Breeding a Veiled chameleon is definitely more demanding than, for example, breeding a corn snake, but it is still not impossible. Unlike other species of chameleons, this one is the most commonly bred. But before you get one, look at what to expect.
This article deals with the care and breeding of the Veiled chameleon.
The equipment of the terrarium itself for the Veiled chameleon, such as heat source, substrate, branches, plants and more, can be found in this article.
Water for the Veiled Chameleon:
The chameleon must have access to fresh water in the terrarium all the time. There are basically 3 options.
1: Lots of chameleons learn to drink from a bowl. Therefore, place a bowl of water in the terrarium.
2: by misting the plants or/and the walls of the terrarium. Chameleons drink (lick) water from them. You can cut manually or use one of the misting systems. However, make sure that the mist does not run over the entire area of the terrarium. The chameleon should be able to hide during automatic misting if he feels the need. You also shouldn't spray water on the place where chameleon basks. Spraying water directly on a warm chameleon is also not a good idea.
It is enough to mist twice a day (only lightly), adults can do with misting once a day. In the terrarium, the moisture should not stay for a long time after misting to prevent the formation of mold.
3: You can also try to give the chameleon a drink, for example, from a syringe or a pipette.
Temperature in the terrarium for the Yemeni chameleon:
The temperature should be in the range of about 22-35° C from the coldest to the warmest place with local heating. The terrarium should not be placed in direct sunlight so that the temperature does not fluctuate uncontrollably.
Humidity in the terrarium for the Yemeni chameleon:
It is sufficient to keep the humidity in the range of about 55 - 65%. Chameleons are not particularly sensitive to humidity in the terrarium. Keep the hygrometer located at the top of the terrarium and away from the local heating.
Light, heating and substrate:
What king of light, heat source and substrate for a chameleon can be found in the article Terrarium for the Yemeni chameleon.
Feeding the Yemeni chameleon:
Chameleons feed on crickets, cockroaches, locusts, grasshoppers and meal worms here and there. In addition, chameleons also eat other insects, such as moths, spiders, flies ... In the summer, it is possible to get insects directly in the meadow by sliding a net. Just make sure that the meadow is not chemically treated and that we do not let poisonous or stinging insects, such as bees and wasps, into the terrarium. Feed insects must be alive. The size of the food must, of course, be adapted to the size of the chameleon. Chameleons also eat the blossom of plants, such as dandelion or hibiscus.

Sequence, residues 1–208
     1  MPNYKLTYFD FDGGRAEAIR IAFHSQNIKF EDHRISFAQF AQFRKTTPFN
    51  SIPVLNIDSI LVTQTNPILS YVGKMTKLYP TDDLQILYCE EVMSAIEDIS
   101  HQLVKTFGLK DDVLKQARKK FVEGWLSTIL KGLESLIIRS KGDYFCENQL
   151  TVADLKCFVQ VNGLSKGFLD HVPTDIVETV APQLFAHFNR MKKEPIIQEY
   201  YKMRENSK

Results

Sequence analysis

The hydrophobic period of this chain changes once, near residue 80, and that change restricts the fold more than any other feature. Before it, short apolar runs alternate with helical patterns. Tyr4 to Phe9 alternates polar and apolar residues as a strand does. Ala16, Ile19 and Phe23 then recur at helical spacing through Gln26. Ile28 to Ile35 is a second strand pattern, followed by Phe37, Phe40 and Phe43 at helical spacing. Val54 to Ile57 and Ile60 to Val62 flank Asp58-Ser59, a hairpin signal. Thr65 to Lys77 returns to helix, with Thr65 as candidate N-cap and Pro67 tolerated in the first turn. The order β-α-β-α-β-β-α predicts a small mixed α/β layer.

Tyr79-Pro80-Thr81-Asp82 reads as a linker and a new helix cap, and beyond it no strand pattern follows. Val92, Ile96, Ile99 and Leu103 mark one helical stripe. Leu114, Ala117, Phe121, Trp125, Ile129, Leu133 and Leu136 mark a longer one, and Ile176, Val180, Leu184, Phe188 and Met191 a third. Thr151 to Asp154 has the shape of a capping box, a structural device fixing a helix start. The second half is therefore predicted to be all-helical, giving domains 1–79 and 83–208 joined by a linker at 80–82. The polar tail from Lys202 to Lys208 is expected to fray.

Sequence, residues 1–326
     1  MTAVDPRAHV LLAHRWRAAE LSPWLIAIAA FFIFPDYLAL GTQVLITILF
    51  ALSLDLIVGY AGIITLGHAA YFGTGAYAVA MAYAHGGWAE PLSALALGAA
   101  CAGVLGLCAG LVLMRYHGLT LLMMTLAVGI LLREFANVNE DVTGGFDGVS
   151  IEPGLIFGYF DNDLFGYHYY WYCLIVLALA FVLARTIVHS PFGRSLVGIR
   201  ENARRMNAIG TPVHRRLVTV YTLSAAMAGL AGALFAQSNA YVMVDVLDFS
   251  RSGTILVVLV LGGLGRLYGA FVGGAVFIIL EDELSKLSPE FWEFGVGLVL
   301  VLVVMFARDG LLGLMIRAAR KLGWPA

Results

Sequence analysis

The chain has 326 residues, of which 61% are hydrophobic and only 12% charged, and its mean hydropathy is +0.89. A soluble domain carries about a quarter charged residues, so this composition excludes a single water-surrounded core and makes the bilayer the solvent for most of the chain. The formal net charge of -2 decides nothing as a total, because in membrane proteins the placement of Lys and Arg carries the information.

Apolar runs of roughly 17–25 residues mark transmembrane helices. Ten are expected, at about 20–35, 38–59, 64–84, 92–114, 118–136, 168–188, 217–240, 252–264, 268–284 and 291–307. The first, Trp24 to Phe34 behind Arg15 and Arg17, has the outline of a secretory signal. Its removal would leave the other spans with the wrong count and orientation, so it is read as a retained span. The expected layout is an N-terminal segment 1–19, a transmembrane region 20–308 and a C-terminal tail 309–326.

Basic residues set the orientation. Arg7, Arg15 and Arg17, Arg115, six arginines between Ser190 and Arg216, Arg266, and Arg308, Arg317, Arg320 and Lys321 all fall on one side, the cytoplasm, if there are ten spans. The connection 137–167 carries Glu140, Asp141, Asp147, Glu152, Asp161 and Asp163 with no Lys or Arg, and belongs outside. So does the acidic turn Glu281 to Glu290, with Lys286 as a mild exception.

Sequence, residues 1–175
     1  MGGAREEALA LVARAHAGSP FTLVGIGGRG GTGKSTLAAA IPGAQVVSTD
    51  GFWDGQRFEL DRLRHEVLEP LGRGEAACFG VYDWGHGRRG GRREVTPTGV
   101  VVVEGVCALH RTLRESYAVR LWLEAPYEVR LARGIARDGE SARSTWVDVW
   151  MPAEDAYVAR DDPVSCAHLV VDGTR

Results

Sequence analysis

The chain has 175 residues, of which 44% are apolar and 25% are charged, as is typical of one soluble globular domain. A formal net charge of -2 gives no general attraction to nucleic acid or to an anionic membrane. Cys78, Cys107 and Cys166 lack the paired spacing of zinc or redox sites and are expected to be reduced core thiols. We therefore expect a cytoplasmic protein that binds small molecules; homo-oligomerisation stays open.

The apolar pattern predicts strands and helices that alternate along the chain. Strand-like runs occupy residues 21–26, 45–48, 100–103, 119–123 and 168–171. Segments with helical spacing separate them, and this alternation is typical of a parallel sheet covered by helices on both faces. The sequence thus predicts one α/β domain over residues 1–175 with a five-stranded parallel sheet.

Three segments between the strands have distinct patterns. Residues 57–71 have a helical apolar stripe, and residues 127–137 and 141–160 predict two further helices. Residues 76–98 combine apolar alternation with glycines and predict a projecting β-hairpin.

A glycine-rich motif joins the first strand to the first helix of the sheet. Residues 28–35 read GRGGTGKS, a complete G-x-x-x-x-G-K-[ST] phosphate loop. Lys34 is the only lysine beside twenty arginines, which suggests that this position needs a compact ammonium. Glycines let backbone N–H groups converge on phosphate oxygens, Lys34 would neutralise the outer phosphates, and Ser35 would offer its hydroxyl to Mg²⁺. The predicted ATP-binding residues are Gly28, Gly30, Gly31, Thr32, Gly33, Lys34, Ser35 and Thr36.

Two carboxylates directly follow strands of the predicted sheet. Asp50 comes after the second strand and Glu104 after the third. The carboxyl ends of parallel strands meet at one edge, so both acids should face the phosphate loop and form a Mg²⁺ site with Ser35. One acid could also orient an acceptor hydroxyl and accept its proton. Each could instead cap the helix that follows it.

For an adult chameleon, about 5-10 large crickets once a day or other insects in similar amount will suffice. In case of young chameleons, we pay attention to overfeeding, they should be fed about 2-3 times a day with 5-10 small crickets or a similar amount of other insects. Adult chameleons (from about 10 months of age) already know when they have enough food.
As for vitamins and calcium, in case of young chameleons, we coat insects in vitamins and calcium once a week for about half a year. For adults, once every 14 days in calcium and once a month in vitamins is enough. If the chameleon has quality insects and quality light, there is no reason to coat insects more often in vitamins and calcium.
Tolerance to other chameleons:
If you keep chameleons in separate terrariums, they should not be able to see each other, it stresses them. They are quite individual in nature, some are more friendly and sociable, others less so.
Males should not be bred in one terrarium, they are usually hostile to each other. Females can be bred in one larger terrarium, but preferably from a young age.
Nature of the Veiled chameleon:
Chameleons are not social creatures. They are moody, shy and easily succumb to stress. They cannot be tamed in the true sense of the word, they will learn to get on your hand and take food from it. However, they will not actively search for your company. They prefer their peace and quiet.
Male and female:
Males are much larger, heavier and more colorful than females. Males have a larger helmet. You will recognize the female and the male at first sight.
Choose a male or female chameleon?
Generally, a male is recommended for beginners. Females suffer more from diseases, are more prone to stress, tend to have so-called false clutches (they lay eggs even if they have not been with a male) who are at greater risk of holding eggs inside and can then die. Caring for a pregnant female for a beginner is also not an easy task.